The tourists may be well-intentioned. But that doesn’t mean the photos they’re taking of the Mashco-Piro people in a Peruvian forest, near the Brazilian border, are a good idea.

The tourists’ images — which document people living in voluntary isolation, cut off from the rest of the world — are arriving at a worrisome rate at Survival International, according to the advocacy group’s Peru campaigner, Rebecca Spooner.

“It’s been happening with more and more frequency,” Spooner told Live Science. The tourists, she said, are eager to share their photographic findings. Survival International, Spooner said, is even more eager to keep tourists away from “uncontacted tribes” such as the Mashco-Piro.

Survival International and other advocates are now sounding the alarm and warning travelers to avoid tour groups that might offer glimpses of uncontacted tribes, of which there are believed to be at least 77 in the Amazon, as The Washington Post previously reported.

“Uncontacted Indians are not a tourist attraction,” Spooner has said. “So-called tour guides should already know better.”

Interactions and close encounters between the tribes and the tourists seeking them out on so-called “human safaris” have become so concerning that one group, Native Federation of the Madre de Dios River and Tributaries, recently called for government intervention.

“It’s high time the Peruvian government put words into action instead of these endless meetings about devising protocols and policies,” the federation’s president Klaus Quicque said, according to Live Science.

In this case, there’s concern for the Mashco-Piro people, who live in Peru’s Madre de Dios region.

Common health problems and contagious diseases can be extremely dangerous for members of an uncontacted tribe. According to Live Science, “illnesses like the flu and malaria … devastated the Zo’e tribe in northern Brazil after Christian missionaries established a base camp in the area in the 1980s.”

“This is obviously really worrying, because the Mashco-Piro are an uncontacted tribe and are extremely vulnerable,” Spooner told Live Science. “They don’t have resistance to common diseases.”

Uncontacted people also face threats of violence related to illegal logging and drug trafficking, according to the group, and they’re also imperiled by gas and oil exploration.

“There is a huge amount of conflict in the Amazon at the moment,” Spooner told The Post earlier this year.

In July, seven members of an indigenous tribe caught the flu and needed treatment from a team of officials in Brazil. In an interview with The Post, one member of that team later described a challenging, “tense” encounter with the sick Indians.

“It was a difficult situation, a tense situation, and within this situation you could perceive a reaction of distrust,” said Carlos Travassos, a government worker in Brazil’s indigenous affairs department.

In 2012, amid concern about the tourist expeditions, the Observer contacted companies in Peru and asked about arranging a trip to the uncontacted tribes.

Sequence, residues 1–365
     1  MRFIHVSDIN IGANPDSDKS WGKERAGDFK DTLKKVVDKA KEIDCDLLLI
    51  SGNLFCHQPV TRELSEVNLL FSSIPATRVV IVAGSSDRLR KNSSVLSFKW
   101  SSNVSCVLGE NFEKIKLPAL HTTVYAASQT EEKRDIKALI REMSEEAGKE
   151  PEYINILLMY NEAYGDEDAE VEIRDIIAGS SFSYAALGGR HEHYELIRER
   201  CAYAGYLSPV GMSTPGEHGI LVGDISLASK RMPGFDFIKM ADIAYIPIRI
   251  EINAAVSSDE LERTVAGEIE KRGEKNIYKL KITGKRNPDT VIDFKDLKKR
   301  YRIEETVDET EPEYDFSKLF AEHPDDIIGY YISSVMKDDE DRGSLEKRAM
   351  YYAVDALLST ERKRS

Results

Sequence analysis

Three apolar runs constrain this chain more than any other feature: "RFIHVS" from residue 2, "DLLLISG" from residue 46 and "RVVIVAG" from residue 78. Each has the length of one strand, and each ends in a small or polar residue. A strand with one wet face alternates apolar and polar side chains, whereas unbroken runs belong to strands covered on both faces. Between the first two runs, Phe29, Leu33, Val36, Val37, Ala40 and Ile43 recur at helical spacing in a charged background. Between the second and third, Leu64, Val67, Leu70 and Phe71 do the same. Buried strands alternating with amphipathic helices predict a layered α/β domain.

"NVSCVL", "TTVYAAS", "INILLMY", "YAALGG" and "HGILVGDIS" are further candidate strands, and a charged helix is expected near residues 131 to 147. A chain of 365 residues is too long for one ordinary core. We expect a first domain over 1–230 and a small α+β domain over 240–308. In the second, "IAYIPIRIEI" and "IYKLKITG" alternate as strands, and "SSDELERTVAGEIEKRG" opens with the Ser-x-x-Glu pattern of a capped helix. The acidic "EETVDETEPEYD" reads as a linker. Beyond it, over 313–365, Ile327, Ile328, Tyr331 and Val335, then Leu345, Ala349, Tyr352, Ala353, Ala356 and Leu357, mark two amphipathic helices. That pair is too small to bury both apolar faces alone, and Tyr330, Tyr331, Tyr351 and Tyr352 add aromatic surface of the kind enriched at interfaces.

“The uncontacted peoples have been sighted on the Madre de Dios river in Manú. Let me know how many days you want and I’ll suggest a tailor-made programme for your party,” said one, contacted anonymously by the Observer with a specific request to seek out the tribe. “We can’t be 100% sure we can see the uncontacted. If we are lucky we can see. In 2011 they came out in the months of May and October,” said another.

As Live Science noted, “‘uncontacted’ is a bit of a misnomer … Most of the peoples who are considered uncontacted are aware of the outside world, and some maintain ties with nearby tribes, but they choose to live in relative isolation.”

The existence of the Mashco-Piro people has been known and recorded since the 1970s, Live Science said — and the site features a photo gallery that includes “the closest images of an uncontacted tribe ever … a family of Mashco-Piro people on film near a river.” But, Live Science noted, the Mashco-Piro people “have long resisted contact with missionaries and other visitors.”

A few years ago, anthropologist Glenn Shepard wrote a blog post that detailed the death of a friend who was familiar with the Mashco-Piro’s culture. The man would occasionally leave them gifts from a distance, Shepard wrote in the post, which was published in January 2012. He planted a garden and allowed the Mashco-Piro to take his crops. In 2011, he was killed in that garden by a Mashco-Piro bowman.

“Shaco’s death is a tragedy: he was a kind, courageous and knowledgeable man,” Shepard wrote. “He believed he was helping the Mashco-Piro. And yet in this tragic incident, the Mashco-Piro have once again expressed their adamant desire to be left alone.”

Survival International and other advocates have called on the Peruvian government to “prevent tour operators from stopping their boats when the Indians appear; or allowing tourists to take photographs of the Indians; or leaving items as gifts for the tribes.” The groups are also calling on the government to “create an emergency contingency plan for cases of contact, and measures to prevent unwanted contact.”

Said Stephen Corry, Survival International’s director: “What we’re seeing with uncontacted tribes today is merely a continuation of the genocide that started with the arrival of the first European colonists in the Americas. Whole populations were destroyed when outsiders stole their land and resources, and spread diseases to which they had no immunity. It’s still happening. Peru must act immediately before more tribes are annihilated.”